· Use shielding to protect other people in the work area from the light of the welding arc, heat and hot spatter;

· Maintain proper local exhaust ventilation and general ventilation;

· Store work clothes separately from street clothes since and have them laundered by the employer since they may be contaminated with highly toxic materials; and

· Receive yearly medical exams.

Because dangerous levels of toxic fumes can build quickly in a confined space, all workers who enter hazardous areas, either on a regular basis or in an emergency situation, should be trained on use of safety equipment, rescue procedures, self-contained breathing apparatus and proper methods of entering and exiting a confined space.  Additional special safety precautions are also necessary for various other specialized welding including high-pressure gas welding, laser welding and electronic beam welding.

Practice Safe Winter Driving Techniques

In case you haven’t noticed, winter has arrived and with it comes ice, snow, slippery roads, and poor visibility. Winter driving is necessary and nothing can be done to avoid it.

While the best advice is to not drive at all, that’s not an option for most of us.  If you must drive, here are some simple precautions you can take to minimize the risk of accidents and injuries:

  • Decrease your speed and leave yourself plenty of room to stop. You should allow at least three times more space than usual between you and the car in front of you.
  • Brake gently to avoid skidding. If your wheels start to lock up, ease off the brake.
  • Turn on your lights to increase your visibility to other motorists.
  • Keep your lights and windshield clean.
  • Use low gears to keep traction, especially on hills.
  • Don’t use cruise control or overdrive on icy roads.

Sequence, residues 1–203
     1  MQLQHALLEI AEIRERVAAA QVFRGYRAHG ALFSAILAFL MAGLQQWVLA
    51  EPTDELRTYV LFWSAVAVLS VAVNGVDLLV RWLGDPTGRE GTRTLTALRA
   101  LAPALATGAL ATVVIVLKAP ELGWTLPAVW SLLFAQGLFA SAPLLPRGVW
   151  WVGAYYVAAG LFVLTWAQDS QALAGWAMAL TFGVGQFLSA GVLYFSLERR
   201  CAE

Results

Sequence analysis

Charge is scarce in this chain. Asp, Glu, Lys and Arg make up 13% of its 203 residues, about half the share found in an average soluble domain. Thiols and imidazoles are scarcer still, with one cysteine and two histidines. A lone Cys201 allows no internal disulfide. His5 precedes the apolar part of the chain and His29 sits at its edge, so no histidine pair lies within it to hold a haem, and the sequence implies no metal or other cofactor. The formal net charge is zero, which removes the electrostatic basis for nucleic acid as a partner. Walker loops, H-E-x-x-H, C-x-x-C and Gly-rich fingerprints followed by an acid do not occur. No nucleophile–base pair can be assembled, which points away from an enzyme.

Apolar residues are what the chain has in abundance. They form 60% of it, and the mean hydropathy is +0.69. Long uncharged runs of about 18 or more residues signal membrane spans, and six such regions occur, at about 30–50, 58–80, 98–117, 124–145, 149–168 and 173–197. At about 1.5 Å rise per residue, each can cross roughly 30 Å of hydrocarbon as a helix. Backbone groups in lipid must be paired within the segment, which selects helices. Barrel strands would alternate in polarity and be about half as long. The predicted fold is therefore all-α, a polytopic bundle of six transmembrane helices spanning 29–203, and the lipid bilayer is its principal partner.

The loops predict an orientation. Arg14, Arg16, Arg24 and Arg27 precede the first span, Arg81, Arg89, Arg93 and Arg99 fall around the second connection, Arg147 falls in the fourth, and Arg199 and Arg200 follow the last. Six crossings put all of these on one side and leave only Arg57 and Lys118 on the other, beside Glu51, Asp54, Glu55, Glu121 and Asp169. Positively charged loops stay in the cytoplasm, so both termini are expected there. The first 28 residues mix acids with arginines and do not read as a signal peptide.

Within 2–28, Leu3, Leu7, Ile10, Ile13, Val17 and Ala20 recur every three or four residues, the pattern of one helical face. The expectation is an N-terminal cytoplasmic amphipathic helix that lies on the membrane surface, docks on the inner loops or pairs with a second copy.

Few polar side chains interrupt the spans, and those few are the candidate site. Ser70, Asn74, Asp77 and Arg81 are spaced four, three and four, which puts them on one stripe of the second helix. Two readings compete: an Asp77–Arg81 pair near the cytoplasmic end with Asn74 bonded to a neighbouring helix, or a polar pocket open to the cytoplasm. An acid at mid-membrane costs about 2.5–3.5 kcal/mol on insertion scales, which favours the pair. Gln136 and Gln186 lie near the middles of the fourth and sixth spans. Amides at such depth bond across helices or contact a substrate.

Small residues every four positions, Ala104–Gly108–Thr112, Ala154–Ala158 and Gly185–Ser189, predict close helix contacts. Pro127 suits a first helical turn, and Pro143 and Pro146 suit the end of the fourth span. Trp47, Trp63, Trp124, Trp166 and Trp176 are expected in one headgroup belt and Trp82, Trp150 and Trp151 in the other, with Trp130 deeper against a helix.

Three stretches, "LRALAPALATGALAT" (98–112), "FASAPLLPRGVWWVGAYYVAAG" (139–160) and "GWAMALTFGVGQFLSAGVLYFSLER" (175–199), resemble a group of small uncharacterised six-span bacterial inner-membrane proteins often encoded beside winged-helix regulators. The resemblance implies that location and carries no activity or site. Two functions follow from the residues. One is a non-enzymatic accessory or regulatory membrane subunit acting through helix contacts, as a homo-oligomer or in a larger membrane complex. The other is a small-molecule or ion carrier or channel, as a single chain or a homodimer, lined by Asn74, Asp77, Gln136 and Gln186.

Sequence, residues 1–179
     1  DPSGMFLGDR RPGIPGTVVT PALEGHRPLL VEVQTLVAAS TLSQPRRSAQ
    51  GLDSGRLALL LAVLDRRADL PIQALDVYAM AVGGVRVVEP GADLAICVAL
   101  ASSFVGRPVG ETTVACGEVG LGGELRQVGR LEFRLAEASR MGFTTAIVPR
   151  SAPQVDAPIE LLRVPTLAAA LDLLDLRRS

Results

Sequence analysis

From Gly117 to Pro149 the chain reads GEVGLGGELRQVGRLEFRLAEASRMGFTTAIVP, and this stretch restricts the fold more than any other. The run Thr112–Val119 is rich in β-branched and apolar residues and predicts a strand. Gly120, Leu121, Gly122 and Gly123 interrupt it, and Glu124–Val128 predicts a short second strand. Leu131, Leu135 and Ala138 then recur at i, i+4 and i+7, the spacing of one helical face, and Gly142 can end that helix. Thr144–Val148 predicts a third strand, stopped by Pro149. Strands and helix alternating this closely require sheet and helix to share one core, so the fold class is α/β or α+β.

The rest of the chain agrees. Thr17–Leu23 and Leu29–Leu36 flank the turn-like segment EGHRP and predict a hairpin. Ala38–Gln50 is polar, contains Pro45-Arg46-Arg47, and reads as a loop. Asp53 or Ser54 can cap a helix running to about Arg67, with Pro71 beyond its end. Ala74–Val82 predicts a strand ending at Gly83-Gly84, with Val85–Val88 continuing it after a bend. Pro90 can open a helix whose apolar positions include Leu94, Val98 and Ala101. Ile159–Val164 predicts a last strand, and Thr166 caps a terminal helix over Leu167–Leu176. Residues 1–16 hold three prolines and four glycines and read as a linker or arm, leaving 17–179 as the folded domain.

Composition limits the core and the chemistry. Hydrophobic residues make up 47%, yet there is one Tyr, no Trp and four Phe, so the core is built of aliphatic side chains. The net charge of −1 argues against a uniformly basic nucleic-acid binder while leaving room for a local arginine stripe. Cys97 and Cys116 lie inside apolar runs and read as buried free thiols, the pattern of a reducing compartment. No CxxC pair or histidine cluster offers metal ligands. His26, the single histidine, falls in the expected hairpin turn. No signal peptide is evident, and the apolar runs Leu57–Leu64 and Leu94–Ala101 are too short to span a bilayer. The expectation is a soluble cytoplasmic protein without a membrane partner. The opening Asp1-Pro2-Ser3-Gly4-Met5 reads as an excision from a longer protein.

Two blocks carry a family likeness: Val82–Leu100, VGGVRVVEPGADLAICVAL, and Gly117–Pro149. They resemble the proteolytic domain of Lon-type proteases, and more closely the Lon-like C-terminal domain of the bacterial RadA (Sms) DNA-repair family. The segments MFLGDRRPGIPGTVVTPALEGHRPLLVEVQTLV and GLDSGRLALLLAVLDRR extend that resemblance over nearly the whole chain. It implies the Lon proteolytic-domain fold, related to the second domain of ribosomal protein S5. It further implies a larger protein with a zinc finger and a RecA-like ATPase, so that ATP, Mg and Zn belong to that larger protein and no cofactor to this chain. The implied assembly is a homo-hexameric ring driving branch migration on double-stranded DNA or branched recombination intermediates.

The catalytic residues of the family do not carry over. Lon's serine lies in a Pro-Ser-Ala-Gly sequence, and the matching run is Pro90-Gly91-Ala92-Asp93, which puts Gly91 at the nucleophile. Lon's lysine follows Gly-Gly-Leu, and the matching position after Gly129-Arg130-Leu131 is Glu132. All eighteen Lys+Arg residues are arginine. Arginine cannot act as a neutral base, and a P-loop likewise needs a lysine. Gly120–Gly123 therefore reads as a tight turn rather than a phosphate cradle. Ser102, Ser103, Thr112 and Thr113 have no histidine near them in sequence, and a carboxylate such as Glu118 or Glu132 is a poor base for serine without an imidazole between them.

• Be especially careful on bridges, overpasses and infrequently traveled roads, which will freeze first. Even at temperatures above freezing, if the conditions are wet, you might encounter ice in shady areas or on exposed roadways like bridges.
  • Don’t pass snow plows and sanding trucks. The drivers have limited visibility, and you’re likely to find the road in front of them worse than the road behind.
  • Don’t assume your vehicle can handle all conditions. Even four-wheel and front-wheel drive vehicles can encounter trouble on winter roads.

If you should lose traction:

  • Take your foot off the accelerator.
  • Steer in the direction you want the front wheels to go. If your rear wheels are sliding left, steer left. If they’re sliding right, steer right.
  • If your rear wheels start sliding the other way as you recover, ease the steering wheel toward that side. You might have to steer left and right a few times to get your vehicle completely under control.
  • If you have standard brakes, pump them gently.
  • If you have anti-lock brakes (ABS), do not pump the brakes. Apply steady pressure to the brakes. You will feel the brakes pulse — this is normal.

If you should get stuck:

  • Do not spin your wheels. This will only dig you in deeper.
  • Turn your wheels from side to side a few times to push snow out of the way.
  • Use a light touch on the gas, to ease your car out.
  • Use a shovel to clear snow away from the wheels and the underside of the car.
  • Pour sand, kitty litter, gravel or salt in the path of the wheels, to help get traction.
  • Try rocking the vehicle by shifting from forward to reverse, and back again. Each time you’re in gear, give a light touch on the gas until the vehicle gets going.